Amsterdam is divided into 8 stadsdelen (boroughs), each with their own history, culture and atmosphere. Some of the more popular boroughs and neighbourhoods for tourists to stay are:
Often referred to as the Old Centre, the borough covers everything within the outer canal (Singelgracht) of the horseshoe shaped city centre. Centre is usually divided into two parts; Centrum-West and Centrum-Oost and all together consists of a total of 14 neighbourhoods. This is where most of the typical step gabled houses houses are found and where most of the action takes place for tourists.
Within the Centre, around the Oude Zijde (Old Side) the famous Amsterdam red light district (called De Wallen) is located. An area dedicated to the oldest profession of the world in the oldest part of the city. The red light district is very vibrant and also a lot of bars, restaurants and hostels are located here.
The southern part of Centrum-Oost is home to some of Amsterdam’s major nightlife hotspots, especially in and around Leidseplein and Rembrandtplein. Besides restaurants and bars, there are lots of cultural facilities, such as theatres, clubs and entertainment venues.
In Centrum-West you’ll find one of the most famous neighbourhoods of Amsterdam, De Jordaan. Originally a working-class neighbourhood, the Jordaan has become one of the most expensive, upscale locations in the Netherlands. It is home to many art galleries, particularly for modern art, and filled with speciality shops and restaurants. Also located in Centrum-West is the Artis Zoo.
Located directly south of the Old Centre you’ll find the borrough simply called Zuid (South). While not being part of the bustling centre it is still an interesting are to stay. Well connected to the public transport network of Amsterdam with a subway line and a couple of tram lines. The Zuidas business district, the Royal Concertgebouw, the Olympic Stadium, Vondelpark and the RAI Amsterdam convention centre are all located within this borough. Two of the more popular neighbourhoods in this are are De Pijp and Oud-Zuid.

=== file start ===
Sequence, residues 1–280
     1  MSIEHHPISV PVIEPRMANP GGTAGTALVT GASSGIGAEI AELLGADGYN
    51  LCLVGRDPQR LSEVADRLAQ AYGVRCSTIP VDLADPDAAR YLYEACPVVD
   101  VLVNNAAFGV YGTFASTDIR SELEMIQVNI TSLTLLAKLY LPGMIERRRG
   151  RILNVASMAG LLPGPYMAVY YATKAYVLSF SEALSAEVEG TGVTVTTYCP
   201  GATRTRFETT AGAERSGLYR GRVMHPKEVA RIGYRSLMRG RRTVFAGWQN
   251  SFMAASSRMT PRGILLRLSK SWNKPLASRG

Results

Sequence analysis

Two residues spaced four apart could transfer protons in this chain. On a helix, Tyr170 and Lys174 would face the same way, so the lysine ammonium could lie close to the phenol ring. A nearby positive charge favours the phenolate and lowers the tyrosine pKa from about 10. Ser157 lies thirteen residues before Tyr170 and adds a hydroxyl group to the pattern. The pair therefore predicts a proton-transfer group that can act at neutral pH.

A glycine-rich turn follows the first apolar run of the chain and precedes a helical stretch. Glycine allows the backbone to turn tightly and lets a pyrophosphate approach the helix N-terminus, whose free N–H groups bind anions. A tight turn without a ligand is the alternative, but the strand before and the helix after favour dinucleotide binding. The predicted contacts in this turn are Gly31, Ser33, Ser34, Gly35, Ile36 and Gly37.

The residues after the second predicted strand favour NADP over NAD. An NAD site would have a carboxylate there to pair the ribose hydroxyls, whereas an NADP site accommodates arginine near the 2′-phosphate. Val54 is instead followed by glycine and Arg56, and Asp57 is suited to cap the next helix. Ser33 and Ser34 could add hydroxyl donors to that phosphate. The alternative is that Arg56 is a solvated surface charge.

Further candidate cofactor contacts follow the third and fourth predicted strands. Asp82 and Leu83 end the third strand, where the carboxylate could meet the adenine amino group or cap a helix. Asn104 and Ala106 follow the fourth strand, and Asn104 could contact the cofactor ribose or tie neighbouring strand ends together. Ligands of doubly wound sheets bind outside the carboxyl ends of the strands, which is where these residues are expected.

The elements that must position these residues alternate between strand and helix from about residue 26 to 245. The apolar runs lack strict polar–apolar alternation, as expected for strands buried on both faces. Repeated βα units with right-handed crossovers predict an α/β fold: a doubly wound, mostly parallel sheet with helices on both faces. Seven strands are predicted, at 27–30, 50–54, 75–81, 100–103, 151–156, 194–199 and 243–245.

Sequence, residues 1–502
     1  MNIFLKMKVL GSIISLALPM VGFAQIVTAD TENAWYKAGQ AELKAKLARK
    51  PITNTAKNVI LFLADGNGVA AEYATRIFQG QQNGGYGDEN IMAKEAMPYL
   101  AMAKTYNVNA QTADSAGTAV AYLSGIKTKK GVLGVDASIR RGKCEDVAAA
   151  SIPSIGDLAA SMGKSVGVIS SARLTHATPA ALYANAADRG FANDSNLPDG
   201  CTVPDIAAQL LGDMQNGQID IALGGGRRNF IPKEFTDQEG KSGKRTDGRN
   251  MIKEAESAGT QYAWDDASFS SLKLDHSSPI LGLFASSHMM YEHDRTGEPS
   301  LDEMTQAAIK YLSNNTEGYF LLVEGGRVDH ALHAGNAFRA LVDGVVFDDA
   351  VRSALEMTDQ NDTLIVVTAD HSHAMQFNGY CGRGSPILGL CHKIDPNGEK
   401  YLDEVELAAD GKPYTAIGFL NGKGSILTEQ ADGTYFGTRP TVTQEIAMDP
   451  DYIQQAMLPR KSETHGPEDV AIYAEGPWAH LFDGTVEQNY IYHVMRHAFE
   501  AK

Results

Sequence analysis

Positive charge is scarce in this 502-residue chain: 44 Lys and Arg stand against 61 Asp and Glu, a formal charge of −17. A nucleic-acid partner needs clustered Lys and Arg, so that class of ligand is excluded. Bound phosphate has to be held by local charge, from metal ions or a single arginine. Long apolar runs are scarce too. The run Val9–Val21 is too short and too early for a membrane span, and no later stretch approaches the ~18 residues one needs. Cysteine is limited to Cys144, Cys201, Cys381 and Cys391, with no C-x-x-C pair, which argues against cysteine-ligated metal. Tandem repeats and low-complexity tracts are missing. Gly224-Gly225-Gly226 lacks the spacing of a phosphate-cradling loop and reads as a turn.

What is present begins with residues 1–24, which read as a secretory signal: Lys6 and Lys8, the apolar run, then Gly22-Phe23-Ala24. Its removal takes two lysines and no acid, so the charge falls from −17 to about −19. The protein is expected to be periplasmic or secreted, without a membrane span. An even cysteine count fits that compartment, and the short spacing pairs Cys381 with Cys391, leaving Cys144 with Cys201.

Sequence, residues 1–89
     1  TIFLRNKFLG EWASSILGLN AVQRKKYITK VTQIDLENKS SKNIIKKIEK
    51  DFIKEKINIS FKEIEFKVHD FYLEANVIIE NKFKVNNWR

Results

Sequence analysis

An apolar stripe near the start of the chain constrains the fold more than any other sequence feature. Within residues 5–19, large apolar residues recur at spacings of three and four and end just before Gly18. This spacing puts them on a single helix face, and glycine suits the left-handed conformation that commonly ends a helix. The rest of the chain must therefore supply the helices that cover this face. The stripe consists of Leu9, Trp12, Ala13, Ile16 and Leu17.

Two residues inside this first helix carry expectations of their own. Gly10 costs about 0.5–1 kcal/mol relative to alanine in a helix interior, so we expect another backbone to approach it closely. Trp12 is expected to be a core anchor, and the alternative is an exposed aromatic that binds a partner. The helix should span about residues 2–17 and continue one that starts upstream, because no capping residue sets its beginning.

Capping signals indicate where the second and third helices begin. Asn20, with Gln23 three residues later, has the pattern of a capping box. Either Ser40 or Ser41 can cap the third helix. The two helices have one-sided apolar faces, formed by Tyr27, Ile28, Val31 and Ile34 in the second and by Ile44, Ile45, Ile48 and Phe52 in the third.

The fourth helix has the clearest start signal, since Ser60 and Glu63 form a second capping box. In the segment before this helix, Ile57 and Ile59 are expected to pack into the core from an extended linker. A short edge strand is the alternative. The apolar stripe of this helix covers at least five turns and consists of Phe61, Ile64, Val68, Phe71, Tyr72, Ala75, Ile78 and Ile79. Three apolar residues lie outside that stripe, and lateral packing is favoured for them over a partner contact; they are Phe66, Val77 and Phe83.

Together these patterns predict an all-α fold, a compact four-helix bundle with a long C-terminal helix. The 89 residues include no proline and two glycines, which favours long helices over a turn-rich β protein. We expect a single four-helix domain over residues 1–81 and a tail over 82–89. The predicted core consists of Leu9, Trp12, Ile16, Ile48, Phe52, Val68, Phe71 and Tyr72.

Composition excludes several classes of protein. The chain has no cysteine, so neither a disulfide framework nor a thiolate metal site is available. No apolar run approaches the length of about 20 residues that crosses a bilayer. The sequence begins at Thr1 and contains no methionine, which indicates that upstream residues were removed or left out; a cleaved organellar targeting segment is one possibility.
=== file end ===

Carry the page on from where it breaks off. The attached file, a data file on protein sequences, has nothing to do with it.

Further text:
De Pijp literally translates to The Pipe and is transformed in the last 30 years from a vulnerable neighbourhood to a vibrant area with a diverse population of long-term residents, immigrants, students and yuppies. It is home to the busiest street market of the Netherlands, the Albert Cuyp Market. It is open six days per week and attracts a lot of tourists. The top tourist attraction to be found in De Pijp is the Heineken Experience, An interactive, semi-guided, and immersive attraction located in the old Heineken brewery.
Oud-Zuid is known as one of the wealthiest parts of the city. Major attractions in the area include exclusive shopping street P.C. Hooftstraat, the large Vondelpark and the famous museums around Museumplein. One of the museums is the Rijksmuseum, the national museum of The Netherlands dedicated to Dutch art and history. The most famous art piece to be found there is the enormous painting done by Rembrandt, De Nachtwacht (The Night Watch). Also located at Museumplein are the Van Gogh Museum and the Stedelijk Museum.
Another borough close by to the old centre is the borough of West. Most of the neighbourhoods within this Amsterdam borough were built between the end of the 19th century and the first half of the 20st century. Some of the areas had their share of inner city problems, but most of them have been redeveloped in the last decades.
The most interesting neighbourhood for tourists to stay in this area is Westerpark, home to the eponymous park, which combines expansive greenery with a lot of cultural activity going on in Westergas. Westerpark is home to a varied mix of independent shops, old-school street markets, fancy restaurants and traditional brown cafés.
Oud-West (Old West) is a neighbourhood which is bordered by the largest city park of Amsterdam, the Vondelpark. The area is known for its many top-notch restaurants, stylish boutiques and trendy bars. One of the more recent developments is De Hallen, a cultural centre dedicated to food, film, fashion, crafts, retail and architecture housed in a former tram depot. Oud-West is one of the most densely populated parts of Amsterdam, so there are few green spaces. Nevertheless people who live in Oud-West are generally the most satisfied residents in the city.